> For many lesbians who do not fully understand what being trans means (and it’s hard to expect them to when they have not experienced it, but full understanding of something is not required to accept that something is), there can be the feeling of invasion of space.
This can be particularly apparent with the establishment of women-only spaces, and an extreme manifestation of this is the creation of women-born-women (or womyn-born-womyn) spaces. (These spaces can also be created by non-trans straight women.)
I have not had the experience of being shut out of one of these spaces because I have not tried to enter one, and I believe that I have no business there. I can only guess what being excluded from these spaces feels like for trans women, and I can imagine that it is pretty awful.
But again, I think this sense of “invasion” of non-trans women’s spaces, and some non-trans women’s attempts to keep trans women out of these spaces, is a result of a misunderstanding of trans women in general.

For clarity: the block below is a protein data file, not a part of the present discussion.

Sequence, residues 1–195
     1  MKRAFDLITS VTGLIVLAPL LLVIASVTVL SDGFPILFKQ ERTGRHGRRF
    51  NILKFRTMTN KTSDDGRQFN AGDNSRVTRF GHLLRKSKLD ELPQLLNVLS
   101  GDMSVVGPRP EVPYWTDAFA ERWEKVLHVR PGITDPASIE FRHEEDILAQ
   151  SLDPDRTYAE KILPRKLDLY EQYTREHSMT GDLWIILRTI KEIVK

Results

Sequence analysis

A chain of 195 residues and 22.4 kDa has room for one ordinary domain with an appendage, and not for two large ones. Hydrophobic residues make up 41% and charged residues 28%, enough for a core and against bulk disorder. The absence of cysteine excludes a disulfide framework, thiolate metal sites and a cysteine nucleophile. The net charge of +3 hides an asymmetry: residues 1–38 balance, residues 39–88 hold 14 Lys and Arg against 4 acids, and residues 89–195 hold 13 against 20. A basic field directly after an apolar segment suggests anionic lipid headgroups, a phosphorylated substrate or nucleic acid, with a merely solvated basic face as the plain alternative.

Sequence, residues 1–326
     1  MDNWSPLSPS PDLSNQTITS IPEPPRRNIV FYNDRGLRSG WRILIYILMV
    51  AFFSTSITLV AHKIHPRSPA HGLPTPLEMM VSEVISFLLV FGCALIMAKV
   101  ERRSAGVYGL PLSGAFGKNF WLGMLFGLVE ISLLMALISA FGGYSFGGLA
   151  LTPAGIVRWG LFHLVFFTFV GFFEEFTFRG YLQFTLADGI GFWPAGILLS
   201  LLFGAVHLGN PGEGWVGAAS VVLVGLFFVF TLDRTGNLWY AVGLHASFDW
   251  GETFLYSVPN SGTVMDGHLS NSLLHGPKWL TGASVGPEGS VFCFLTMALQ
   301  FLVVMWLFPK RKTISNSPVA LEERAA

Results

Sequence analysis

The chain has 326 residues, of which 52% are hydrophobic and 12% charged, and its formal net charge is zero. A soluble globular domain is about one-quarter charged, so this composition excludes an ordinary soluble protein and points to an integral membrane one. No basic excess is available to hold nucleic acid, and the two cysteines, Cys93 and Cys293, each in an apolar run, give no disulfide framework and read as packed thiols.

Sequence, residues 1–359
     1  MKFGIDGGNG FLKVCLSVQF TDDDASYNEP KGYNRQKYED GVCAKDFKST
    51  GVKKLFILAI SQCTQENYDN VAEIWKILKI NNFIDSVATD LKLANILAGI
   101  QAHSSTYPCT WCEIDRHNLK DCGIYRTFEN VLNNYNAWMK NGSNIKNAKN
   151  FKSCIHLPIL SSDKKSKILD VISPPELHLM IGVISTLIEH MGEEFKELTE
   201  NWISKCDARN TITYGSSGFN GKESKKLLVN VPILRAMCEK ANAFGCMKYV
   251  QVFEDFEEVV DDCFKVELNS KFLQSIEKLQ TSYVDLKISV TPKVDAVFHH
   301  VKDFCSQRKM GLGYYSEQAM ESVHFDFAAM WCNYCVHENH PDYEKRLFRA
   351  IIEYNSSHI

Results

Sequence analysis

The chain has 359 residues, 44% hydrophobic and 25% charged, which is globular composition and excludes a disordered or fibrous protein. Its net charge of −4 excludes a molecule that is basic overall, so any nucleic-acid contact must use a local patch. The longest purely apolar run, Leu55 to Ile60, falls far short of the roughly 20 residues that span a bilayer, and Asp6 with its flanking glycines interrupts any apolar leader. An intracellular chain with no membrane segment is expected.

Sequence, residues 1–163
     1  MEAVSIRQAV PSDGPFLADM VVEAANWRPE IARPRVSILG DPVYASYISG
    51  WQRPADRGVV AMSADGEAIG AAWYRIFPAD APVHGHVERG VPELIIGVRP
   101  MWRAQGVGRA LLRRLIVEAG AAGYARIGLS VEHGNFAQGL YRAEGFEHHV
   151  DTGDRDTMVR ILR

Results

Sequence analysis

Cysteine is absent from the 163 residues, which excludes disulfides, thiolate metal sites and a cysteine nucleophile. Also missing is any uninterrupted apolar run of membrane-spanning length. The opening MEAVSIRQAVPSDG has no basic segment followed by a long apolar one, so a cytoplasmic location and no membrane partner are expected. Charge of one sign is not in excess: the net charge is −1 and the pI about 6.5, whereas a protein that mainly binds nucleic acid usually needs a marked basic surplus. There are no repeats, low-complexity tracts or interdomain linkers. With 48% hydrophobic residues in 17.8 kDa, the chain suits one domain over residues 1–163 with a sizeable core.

As with last week’s post, when I talked about the male privilege that has been used against lesbians, and the resulting trans-man-bashing that might occur as a result, I think that, in these women-born-women situations, there is a sense that individuals who once had privilege (whether they really did or not) will somehow bring that privilege, as well as pieces of former masculine socialization, to these spaces.
I’m sure that this has happened or has appeared to happen . But my guess is that, in the majority of situations, it has not, does not, or would not. Many trans women were never able to internalize the masculine socialization that was forced on them to begin with. The problem is that opportunities to discover these truths are sometimes shut down before they can materialize, which then limits understanding even more.